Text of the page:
When R.E.M. announced their breakup back in September, reactions from critics and bloggers fell into one of three categories: summaries of an influential career; personal accounts of the group as gateway to subterranean scenes (ending sometime in the ‘90s, of course); or facetious assertions that they’d already broken up years ago.
My obit for the Athens, Ga. band could never be so flippant because I was one of the dwindling faithful. Long after the masses jumped ship, I remained. I knew the second half of their 30-year recording career not as the obvious commercial decline, but a rich period of experimentation that spawned excellent albums like Up, Reveal and Accelerate. Even their admitted worst record Around the Sun had a few brilliant songs.
But the same week the disbanding brought renewed interest, I spotted their 2008 photo book R.E.M. Hello – MSRP $29.95 – at the Dollar Tree. Two copies right there, nestled among the no-name crime novels, obscure self-help books, and an early adventure tale from L. Ron Hubbard. I had to buy both copies out of respect.
What’s more of a shame than their company on that shelf is that R.E.M. Hello documents some of the most celebrated tours of their career. During their last decade of touring, R.E.M. turned in some of the most inspired, impassioned, energetic performances of any band, young or old, completely eradicating any remnants of their sterile Monster Tour shows from 1995. I’ll never forget how their politically charged show at Berkeley’s Greek Theatre in October 2004 impressed even my old jaded, New York hipster friend, who boasted of seeing them open for the Cramps at the Peppermint Lounge in ‘83 (under the name It Crawled From the South) and naturally swore them off after the I.R.S. Records years.
“Wow, they were great,” he told me at show’s end, completely surprised. “Michael Stipe is just one of the all-time great frontmen.”
Stipe had indeed become a great entertainer in recent years: extroverted, cordial, funny, and always trying to put on the best show he could. It’s no wonder that R.E.M. lost more fans the more comfortable on stage he became, because the singer’s “enigmatic” persona was a huge part of their early appeal. What a sin it must have been to see Stipe actually enjoying the spotlight, or playing “Shaking Through” as a request for a new bride at a 2003 Chicago show, or explaining his “West of the Fields” lyrics at a Berkeley show in 2008, or – gasp! – finally having his lyrics printed in CD booklets.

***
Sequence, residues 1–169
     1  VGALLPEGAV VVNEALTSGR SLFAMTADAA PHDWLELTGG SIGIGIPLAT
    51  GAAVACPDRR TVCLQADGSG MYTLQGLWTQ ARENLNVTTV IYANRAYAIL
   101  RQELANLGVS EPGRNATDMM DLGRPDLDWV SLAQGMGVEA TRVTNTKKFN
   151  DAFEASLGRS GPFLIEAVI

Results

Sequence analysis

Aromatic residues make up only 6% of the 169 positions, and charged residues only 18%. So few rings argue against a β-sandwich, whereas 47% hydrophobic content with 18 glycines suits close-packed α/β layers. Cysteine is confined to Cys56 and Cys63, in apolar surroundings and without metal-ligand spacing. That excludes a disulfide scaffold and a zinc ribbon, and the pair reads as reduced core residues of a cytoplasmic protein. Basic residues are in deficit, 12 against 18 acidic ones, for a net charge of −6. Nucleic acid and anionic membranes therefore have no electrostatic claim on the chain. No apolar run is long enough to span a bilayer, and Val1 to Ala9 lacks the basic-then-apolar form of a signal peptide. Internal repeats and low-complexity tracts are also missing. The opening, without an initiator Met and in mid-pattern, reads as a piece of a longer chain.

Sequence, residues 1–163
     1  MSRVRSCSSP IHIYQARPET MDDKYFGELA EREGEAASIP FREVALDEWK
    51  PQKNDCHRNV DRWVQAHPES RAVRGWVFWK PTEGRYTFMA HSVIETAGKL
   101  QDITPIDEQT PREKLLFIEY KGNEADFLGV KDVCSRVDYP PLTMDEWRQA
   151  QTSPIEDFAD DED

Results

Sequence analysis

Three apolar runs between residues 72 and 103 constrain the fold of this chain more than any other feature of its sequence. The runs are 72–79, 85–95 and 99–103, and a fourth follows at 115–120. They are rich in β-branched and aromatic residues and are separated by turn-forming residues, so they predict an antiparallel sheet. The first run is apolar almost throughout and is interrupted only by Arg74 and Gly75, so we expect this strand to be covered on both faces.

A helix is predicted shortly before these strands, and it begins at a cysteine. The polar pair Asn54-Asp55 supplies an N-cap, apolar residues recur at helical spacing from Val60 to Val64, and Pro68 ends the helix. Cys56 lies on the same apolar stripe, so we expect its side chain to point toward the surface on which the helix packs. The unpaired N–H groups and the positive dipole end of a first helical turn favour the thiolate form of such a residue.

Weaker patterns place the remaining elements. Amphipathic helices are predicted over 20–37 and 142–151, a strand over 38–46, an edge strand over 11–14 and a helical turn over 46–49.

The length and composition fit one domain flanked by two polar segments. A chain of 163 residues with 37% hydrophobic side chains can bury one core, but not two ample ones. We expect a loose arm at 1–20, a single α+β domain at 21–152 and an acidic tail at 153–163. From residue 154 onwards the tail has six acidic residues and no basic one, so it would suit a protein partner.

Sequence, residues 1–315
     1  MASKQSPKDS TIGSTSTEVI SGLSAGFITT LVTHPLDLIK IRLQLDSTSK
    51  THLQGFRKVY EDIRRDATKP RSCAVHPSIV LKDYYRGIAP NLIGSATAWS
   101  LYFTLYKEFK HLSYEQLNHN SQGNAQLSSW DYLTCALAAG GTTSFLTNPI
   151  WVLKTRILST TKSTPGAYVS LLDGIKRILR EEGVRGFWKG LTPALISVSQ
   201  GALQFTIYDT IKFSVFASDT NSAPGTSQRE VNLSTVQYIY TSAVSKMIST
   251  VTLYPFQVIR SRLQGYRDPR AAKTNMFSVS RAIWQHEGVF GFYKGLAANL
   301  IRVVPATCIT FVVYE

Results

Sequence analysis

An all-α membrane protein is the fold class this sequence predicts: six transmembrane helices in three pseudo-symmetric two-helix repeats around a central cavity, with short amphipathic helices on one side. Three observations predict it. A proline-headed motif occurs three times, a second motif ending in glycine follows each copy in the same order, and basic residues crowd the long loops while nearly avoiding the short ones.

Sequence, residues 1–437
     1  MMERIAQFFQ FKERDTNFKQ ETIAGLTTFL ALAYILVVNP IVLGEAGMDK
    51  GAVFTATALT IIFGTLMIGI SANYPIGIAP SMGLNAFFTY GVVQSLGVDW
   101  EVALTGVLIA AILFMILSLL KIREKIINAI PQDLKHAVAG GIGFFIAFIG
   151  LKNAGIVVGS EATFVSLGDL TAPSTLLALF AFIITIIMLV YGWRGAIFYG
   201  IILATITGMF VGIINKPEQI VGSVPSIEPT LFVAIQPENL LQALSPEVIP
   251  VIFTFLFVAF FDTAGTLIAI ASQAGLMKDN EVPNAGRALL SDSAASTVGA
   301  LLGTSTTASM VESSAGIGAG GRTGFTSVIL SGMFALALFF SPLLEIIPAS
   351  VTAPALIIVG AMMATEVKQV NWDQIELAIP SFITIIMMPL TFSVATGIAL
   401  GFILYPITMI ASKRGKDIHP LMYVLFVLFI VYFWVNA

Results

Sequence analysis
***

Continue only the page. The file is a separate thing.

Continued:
None of this turned me off, because to me the group was never the quirky college-radio grassroots phenomenon or even the political rock songsmiths of the late ‘80s. My era’s R.E.M. was the highly successful baroque-pop sensation of 1991-1992, when the fragile melodies, acoustic instrumentation, and eccentric ballads of Out of Time and Automatic for the People finally won over the kid who’d avoided anything without heavy guitars or a hip-hop beat. Their weird anti-love songs and thoughtful videos were a true “alternative” in 1991, when the biggest story in rock was the return of Guns N’ Roses. Visually they stuck out like a sore thumb on MTV, looking like uncles or librarians in their wrinkled, regular clothes. One member was balding, another wearing huge glasses, the next sporting a uni-brow, and worst of all, only one had long hair!
The release of “Shiny Happy People” remains the gutsiest move in their career, especially for a band that’d had their big break with edgy rockers like “The One I Love” and “It’s the End of the World As We Know It (And I Feel Fine)”. Sure, “Stand” was goofy and corny, but this song and video, with its ridiculous choreography and bright clothing, were something else. Metallica’s Lars Ulrich famously mocked the clip on MTV News, calling it “very UN-heterosexual.” How much more “punk” was the cartoonish “Shiny Happy People” than Nirvana’s “Smells Like Teen Spirit” from later that year, which was still a grinding, aggressive hard rock anthem? Thrift store clothes do not a strong digression make.
It was an incredible inspiration to see such a band – with absolutely no regard to what's "cool" or “hip” or "masculine" or “youthful” or “bad ass” or “rebellious” or even "rock n' roll" – conquering MTV and the charts because of their art alone. This had a profound effect on my own art appreciation throughout my life and my willingness to explore the gentler, more vulnerable side of music.